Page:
Bank of Canada Starts Hiking Rates, Signalling More To Come
The Governing Council of the Bank of Canada raised the overnight policy rate target by a quarter percentage point in a widely expected move and signalled that more hikes would be coming. This is the first rate hike since 2018. In a cautious stance, the Bank announced it was continuing the reinvestment phase, keeping its overall Government of Canada bonds holdings on its balance sheet roughly stable.
The Bank’s press release highlighted the major new source of uncertainty provided by the unprovoked invasion of Ukraine by Russia and suggested that it is a new source of substantial inflation pressure. Prices for oil, metals, wheat and other grains have skyrocketed recently. Moreover, this geopolitical distention negatively impacts confidence worldwide and adds new supply disruptions that dampen growth. “Financial market volatility has increased. The situation remains fluid, and we are following events closely.”
The Bank commented that economies have emerged from the impact of the Omicron variant more quickly than expected. Demand is robust, particularly in the US.
“Economic growth in Canada was very strong in the fourth quarter of last year at 6.7%. This is stronger than the Bank’s projection and confirms its view that economic slack has been absorbed. Both exports and imports have picked up, consistent with solid global demand. In January, Canada’s labour market recovery suffered a setback due to the Omicron variant, with temporary layoffs in service sectors and elevated employee absenteeism. However, the rebound from Omicron now appears to be well in train: household spending is proving resilient and should strengthen further with the lifting of public health restrictions. Housing market activity is more elevated, adding further pressure to house prices. Overall, first-quarter growth is now looking more solid than previously projected.”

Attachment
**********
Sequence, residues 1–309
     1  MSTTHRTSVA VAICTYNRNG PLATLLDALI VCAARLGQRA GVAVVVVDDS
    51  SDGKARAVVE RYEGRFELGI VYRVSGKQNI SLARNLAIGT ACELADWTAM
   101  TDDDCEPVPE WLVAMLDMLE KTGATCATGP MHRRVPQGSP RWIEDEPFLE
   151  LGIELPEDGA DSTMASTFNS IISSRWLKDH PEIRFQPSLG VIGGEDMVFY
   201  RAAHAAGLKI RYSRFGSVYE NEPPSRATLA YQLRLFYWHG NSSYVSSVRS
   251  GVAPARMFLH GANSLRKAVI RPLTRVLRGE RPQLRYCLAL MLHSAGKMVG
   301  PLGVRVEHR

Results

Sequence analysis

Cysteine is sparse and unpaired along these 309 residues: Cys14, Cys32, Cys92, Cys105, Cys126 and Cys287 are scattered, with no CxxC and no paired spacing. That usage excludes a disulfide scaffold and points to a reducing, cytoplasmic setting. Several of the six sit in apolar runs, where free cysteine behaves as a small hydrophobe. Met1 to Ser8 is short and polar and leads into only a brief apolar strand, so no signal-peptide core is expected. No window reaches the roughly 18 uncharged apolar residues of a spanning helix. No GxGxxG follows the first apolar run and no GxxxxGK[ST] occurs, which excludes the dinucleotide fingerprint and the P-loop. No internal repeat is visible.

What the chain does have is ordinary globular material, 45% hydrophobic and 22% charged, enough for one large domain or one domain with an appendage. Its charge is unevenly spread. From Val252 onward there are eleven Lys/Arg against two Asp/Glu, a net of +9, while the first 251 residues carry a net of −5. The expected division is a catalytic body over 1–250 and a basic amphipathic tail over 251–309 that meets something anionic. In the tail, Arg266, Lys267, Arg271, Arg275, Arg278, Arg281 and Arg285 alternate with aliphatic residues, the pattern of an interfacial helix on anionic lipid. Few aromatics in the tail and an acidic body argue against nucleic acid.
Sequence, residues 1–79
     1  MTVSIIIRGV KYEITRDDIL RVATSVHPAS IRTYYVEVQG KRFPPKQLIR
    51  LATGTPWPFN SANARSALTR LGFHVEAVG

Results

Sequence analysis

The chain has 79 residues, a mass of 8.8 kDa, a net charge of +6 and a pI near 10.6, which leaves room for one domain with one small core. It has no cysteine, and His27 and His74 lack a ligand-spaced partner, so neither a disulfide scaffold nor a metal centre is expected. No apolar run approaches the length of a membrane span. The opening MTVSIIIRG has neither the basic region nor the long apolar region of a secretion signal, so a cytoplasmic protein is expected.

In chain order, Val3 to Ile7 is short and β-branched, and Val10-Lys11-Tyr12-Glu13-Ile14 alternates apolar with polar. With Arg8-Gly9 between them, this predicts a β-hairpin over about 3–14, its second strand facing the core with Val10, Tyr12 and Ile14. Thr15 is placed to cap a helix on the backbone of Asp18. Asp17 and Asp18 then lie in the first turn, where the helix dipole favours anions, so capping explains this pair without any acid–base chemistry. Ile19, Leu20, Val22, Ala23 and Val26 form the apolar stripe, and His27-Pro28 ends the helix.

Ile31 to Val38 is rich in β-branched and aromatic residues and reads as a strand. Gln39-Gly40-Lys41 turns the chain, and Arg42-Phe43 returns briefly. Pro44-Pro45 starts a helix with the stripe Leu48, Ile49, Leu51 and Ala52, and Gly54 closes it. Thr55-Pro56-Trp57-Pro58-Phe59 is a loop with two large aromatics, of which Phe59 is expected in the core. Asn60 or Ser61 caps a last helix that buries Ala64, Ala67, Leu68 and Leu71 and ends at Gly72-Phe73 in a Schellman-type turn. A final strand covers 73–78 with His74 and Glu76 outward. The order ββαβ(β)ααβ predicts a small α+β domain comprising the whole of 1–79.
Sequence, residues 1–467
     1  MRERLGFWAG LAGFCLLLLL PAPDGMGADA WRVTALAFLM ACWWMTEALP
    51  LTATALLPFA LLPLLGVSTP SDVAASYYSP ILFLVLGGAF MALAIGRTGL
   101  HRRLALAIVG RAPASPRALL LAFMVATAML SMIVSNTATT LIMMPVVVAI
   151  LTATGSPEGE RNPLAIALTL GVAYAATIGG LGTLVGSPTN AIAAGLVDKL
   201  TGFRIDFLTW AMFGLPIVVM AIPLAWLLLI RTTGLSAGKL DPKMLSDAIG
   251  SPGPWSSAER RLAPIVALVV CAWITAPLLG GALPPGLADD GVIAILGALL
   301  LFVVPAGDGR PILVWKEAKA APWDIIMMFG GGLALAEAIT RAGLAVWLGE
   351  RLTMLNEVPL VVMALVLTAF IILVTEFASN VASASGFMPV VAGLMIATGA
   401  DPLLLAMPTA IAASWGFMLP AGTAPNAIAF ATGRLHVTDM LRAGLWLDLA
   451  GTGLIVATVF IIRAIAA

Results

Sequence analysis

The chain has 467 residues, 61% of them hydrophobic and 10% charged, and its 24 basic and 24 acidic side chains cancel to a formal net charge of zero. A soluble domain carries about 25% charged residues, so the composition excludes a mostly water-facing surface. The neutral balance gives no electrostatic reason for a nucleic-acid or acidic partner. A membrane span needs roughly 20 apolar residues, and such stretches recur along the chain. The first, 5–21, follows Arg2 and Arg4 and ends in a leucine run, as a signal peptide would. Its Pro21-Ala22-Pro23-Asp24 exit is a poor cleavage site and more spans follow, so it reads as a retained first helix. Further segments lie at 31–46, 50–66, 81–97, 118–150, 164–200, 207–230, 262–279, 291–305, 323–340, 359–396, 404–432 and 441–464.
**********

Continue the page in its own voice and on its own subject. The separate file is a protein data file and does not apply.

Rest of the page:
Canadian CPI inflation has risen to 5.1%, as expected in January, well below the 7.5% level posted in the US.” Price increases have become more pervasive, and measures of core inflation have all risen. Poor harvests and higher transportation costs have pushed up food prices. The invasion of Ukraine is putting further upward pressure on prices for both energy and food-related commodities. All told, inflation is now expected to be higher in the near term than projected in January. Persistently elevated inflation increases the risk that longer-run inflation expectations could drift upwards. The Bank will use its monetary policy tools to return inflation to the 2% target and keep inflation expectations well-anchored.”
The final paragraph of the Bank’s press release speaks with great clarity: “The policy rate is the Bank’s primary monetary policy instrument. As the economy continues to expand and inflation pressures remain elevated, the Governing Council expects interest rates will need to rise further. The Governing Council will also be considering when to end the reinvestment phase and allow its holdings of Government of Canada bonds to begin to shrink. The resulting quantitative tightening (QT) would complement the policy interest rate increases. The timing and pace of further increases in the policy rate, and the start of QT, will be guided by the Bank’s ongoing assessment of the economy and its commitment to achieving the 2% inflation target”.
The Bank of Canada has made a clear statement regarding the outlook for a normalization of interest rates. We expect a series of rate hikes over the next year. Expect another 25 basis point increase following the next meeting on April 13. The increased uncertainty and volatility arising from the war in Ukraine is front of mind worldwide. Still, it will not deter central banks from tightening monetary policy to forestall an embedded rise in inflation expectations.
The Bank of Canada has postponed Quantitative Tightening, for now, a prudent move in the face of geopolitical uncertainty.
This article is credited to the Sherry Cooper Assoc.
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